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Coens: Overlooked by Golden Globes, but what about the Oscars?

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Will Gompertz | 08:51 UK time, Wednesday, 15 December 2010

Here we go again. The Golden Globes have just kicked off the movie awards season with the 2011 shortlist. This will be followed in quick succession by the Baftas, and then, at centre stage, the headline act that everybody really wants to see: the Oscars.

The Golden Globe gongs will be dished out on Sunday 16 January, providing some nice champagne moments for the winners while everybody else stares into the post-party herbal-tea mugs to read the mint leaves.

Does the fact that such-and-such a movie or actor won a Golden Globe give us a reliable heads-up as to the winners of the forthcoming Oscars? Recent history suggests not. But the runners-up prize isn't bad. A Golden Globes win guarantees that the movie becomes part of the "will-it-won't-it" chatter over the ensuing weeks, leading to a second lease of commercial life that has the box-office effect of a sequel without the bother of having to make one.

Already there's talk of this year's awards being dominated by a head-to-head between The King's Speech and The Social Network. Maybe; I'm not so sure. 127 Hours and Inception (both with British directors, like The King's Speech) seem to be at least as good, while Black Swan is both very different and, I am told (I haven't seen it yet), very good.

There is one other film that should be added to the mix and might come up on the rails and run off with the Oscar: the Coen Brothers' True Grit. Not released in the UK until two days before the Golden Globe winners are announced and totally overlooked by that short-listing committee, it would not surprise me if the Coen Bros have the last laugh and canter off with the Big Prize. Again.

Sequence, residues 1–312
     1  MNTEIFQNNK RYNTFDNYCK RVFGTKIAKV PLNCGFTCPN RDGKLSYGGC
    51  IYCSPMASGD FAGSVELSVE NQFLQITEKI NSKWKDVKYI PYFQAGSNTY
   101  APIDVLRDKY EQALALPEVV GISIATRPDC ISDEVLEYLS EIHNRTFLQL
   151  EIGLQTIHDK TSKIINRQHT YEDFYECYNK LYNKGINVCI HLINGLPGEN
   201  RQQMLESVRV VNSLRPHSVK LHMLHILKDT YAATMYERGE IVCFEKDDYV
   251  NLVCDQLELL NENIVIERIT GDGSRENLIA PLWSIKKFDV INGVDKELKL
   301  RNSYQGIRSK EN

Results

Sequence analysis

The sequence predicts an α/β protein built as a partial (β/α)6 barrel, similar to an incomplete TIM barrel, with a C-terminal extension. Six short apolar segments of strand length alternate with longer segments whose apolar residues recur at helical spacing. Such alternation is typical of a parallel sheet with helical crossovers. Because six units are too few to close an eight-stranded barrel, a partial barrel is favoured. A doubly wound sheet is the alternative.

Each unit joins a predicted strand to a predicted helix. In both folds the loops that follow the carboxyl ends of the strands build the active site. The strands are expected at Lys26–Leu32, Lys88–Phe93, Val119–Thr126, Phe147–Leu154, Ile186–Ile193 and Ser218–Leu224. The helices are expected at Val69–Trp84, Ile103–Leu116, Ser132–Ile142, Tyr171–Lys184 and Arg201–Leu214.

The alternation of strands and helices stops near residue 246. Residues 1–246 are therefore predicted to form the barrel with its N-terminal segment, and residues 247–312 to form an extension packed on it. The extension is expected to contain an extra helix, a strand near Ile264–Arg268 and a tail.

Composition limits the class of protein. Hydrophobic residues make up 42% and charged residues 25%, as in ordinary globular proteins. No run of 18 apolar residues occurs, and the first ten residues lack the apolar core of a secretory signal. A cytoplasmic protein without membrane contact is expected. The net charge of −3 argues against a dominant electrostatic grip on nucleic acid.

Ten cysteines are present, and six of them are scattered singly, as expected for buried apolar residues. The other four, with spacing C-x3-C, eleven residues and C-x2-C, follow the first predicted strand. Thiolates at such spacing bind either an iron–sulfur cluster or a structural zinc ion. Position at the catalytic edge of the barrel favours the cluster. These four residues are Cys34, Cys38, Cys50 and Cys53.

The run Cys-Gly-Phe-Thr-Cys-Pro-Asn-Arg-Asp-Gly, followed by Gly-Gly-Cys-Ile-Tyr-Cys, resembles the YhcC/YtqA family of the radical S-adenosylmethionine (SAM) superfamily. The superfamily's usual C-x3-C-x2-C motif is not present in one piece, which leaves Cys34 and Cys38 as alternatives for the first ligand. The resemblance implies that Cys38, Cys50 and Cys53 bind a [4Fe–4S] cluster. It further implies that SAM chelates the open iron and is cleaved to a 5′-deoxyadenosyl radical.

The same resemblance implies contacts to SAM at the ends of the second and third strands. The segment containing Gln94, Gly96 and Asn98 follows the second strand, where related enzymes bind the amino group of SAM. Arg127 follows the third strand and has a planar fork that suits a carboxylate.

• Comment number 1.

    I think both True Grit, and Martin Scorsese's Shutter Island will receive a fair bit of attention to the Oscars.

    With the plethora of nominations at the Golden Globes, it isn't surprising that their shortlist often reveals the eventual winner.

    Really hoping for Colin Firth to complete his rise to an A-List Celebrity with an Oscar he probably should already have for 'A Single Man'.

  • Comment number 2.

    There were some great dramas this year, but the "musical or comedy" films are all horrible (except for The Kids Are All Right). Black Swan is I-N-C-R-E-D-I-B-L-E and Natalie Portman deserves every award she receives. All the performances are amazing. Whoever says there is no creativity in Hollywood has NOT seen this film.

  • Comment number 3.

    This comment was removed because the moderators found it broke the house rules. Explain.

  • Comment number 4.

    I think it is quite exciting maybe because I live on the west coast. Fun coffee shop banter and also being nominated give the industry folks recognition - so that is cool :-)


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